Ralph Bohlke of Ballston Spa has vivid memories of the February 1958 snowstorm that isolated rural Mohawk Valley families for two weeks or more. For four days, a U.S. Army helicopter was used to evacuate isolated families and bring in food, fuel and medicine to Charleston and other towns.
Bohlke lived on the border between Princetown and the town of Florida in the hamlet of Scotch Church. The hamlet was named for Scottish settlers who came there at the end of the Revolutionary War and built a Presbyterian Church. A cemetery near the former church has gravestones dating back to 1802, some of them for Revolutionary War soldiers.
Bohlke was 13 years old in 1958. They were snowed in for seven days. Relief arrived in the form of a Schenectady County plow that eventually got to Bohlke’s home on Route 160. That evening, a Sunday, produced another big snowfall and they were snowed in for another seven days. Relief finally came again around Day 16 when a town of Florida plow got through.
Bohlke wrote, “The snow was almost even with the telephone lines in Scotch Church because I remember touching them with my hand in front of the church.
“I remember that there was so much blowing snow that it was the only time in my life that I could not get out the front or back door. “There was even a porch on the front door, but the snow was still blown up against the door so we couldn’t get outdoors. We had a wood shed attached to the back of the house with a dog door. I climbed out of the dog door to get outside.”
Bohlke and his mother, Genevieve, stayed home in Scotch Church to make sure the furnace kept working. His father, Harley Bohlke, stayed in Amsterdam with an aunt, Elizabeth Folmsbee on Guy Park Avenue, because he had to operate his business, Mohawk Cleaners & Dyers, on the old Cedar Street.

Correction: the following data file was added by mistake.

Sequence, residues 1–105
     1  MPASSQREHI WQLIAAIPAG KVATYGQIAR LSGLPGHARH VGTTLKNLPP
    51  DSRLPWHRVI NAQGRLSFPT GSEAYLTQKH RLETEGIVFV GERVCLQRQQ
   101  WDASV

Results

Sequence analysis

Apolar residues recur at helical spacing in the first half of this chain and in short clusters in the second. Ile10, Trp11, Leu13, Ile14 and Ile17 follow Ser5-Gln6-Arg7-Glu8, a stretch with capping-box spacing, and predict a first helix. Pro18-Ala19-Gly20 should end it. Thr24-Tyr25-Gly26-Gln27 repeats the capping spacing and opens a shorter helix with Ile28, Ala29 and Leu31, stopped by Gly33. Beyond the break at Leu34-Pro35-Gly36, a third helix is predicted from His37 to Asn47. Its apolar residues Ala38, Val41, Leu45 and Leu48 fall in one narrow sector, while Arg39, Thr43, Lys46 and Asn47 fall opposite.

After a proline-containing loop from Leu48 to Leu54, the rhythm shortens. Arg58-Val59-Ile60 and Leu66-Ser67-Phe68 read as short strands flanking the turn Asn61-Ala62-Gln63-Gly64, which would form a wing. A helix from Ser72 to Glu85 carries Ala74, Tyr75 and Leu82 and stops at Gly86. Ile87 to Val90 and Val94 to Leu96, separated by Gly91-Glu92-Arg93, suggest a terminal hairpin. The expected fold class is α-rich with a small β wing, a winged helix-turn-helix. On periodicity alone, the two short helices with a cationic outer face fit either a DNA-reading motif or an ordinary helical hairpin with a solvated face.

Bohlke wrote, “I remember digging a tunnel out to the road in the driveway. When my father came home after the two weeks, he had a black bear hat on and when I first saw it I wasn’t sure who or what was coming through that tunnel. Fortunately, it was my father with groceries in both arms.
“We had at least six feet of snow in our driveway except for a small area that was cleared out by the wind. My father and I spent a half day with our tractor and a scoop. We only got about 50 feet cleaned out and decided it would take us two more days to get to the road.”
Bohlke’s father called a friend at Rotterdam Septic in Rotterdam Junction to come with a front-end loader to clear out the driveway.
Bohlke said, “As kids, we loved the two weeks off. We played basketball in Aucompaugh’s barn and did a lot of tobogganing. We would go right over apple trees, going airborne, and crash into the snow. Since there was so much snow, we would just go right into the snow and get buried. You could not sleigh ride as the snow was too powdery and too deep. Those were the days.”
There were about 100 rescues in rural Montgomery County in February 1958. Grateful families provided plow operators with coffee and sandwiches and even full meals. Some farmers had to dump their spoiling supplies of milk. Amsterdam city schools closed for a week.
The spring of 1958 brought major flooding along the Mohawk River. After that, the Army Corps of Engineers built retaining walls along the south side of the river in Amsterdam.
Bob Cudmore is a freelance columnist. Opinions in his column are his own and not necessarily those of the newspaper. Reach him at 346-6657 or at email@example.com.